The United States is willing to lift an arms embargo and targeted sanctions against South Sudan, but the country has to make progress in the quest for lasting peace and the fight against corruption, outgoing ambassador Thomas Hushek said.
BBC quotes Hushek to say South Sudan has to work on a ‘reduction in level of violence and corruption” in the system for the sanctions to be lifted.
The United Nations Security Council renewed the arms embargo in May for a period of one year to stop the flow of weapons to armed groups.
South Sudan has been dogged by violence for more than six years, killing tens of thousands and displacing millions others.
The U.S. has been part of an international community piling pressure on the country to instill lasting peace, having only gained its independence in 2011.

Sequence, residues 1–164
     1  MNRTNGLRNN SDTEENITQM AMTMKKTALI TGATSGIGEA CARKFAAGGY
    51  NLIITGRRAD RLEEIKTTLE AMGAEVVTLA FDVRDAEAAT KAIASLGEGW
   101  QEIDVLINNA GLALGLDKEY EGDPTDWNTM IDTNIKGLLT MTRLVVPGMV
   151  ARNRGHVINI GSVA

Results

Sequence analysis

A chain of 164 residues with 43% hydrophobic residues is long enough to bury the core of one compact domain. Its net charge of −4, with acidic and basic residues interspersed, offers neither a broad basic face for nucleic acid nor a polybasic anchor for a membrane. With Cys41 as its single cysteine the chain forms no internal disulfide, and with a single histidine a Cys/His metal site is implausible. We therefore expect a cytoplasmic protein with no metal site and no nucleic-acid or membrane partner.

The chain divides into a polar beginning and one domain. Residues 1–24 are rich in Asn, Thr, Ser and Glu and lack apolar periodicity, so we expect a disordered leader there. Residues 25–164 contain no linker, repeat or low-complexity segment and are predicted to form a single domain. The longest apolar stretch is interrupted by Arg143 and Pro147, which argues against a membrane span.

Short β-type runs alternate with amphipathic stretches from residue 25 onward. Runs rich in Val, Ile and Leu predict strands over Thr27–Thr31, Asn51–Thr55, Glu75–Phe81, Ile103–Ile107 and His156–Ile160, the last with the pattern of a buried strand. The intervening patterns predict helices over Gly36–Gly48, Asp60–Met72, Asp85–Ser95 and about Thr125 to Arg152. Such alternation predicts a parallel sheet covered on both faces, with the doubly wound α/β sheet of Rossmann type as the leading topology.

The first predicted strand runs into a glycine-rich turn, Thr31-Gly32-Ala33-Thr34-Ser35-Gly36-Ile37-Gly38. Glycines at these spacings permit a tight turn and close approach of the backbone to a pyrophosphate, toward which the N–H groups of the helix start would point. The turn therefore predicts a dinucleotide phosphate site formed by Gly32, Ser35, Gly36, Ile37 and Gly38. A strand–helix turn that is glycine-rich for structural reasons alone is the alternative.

Besides the U.S. sanctions, the U.S. government also imposed its own sanctions against some South Sudanese senior government officials, including former first Vice-President Taban Deng Gai.
“This year when we adopted a resolution at the UN Security Council, we put new language in the resolution that talks about establishing benchmarks, establishing peace-building that will eventually lead to the lifting of arms embargo,” BBC quotes Ambassador Hushek.
“So there is a plan that will be developed about how to remove that particular state of sanctions.
“We offered a plan to remove those sanctions, this involved [the government] taking steps on financial transparency reforms and we will discuss that plan with government officials here.”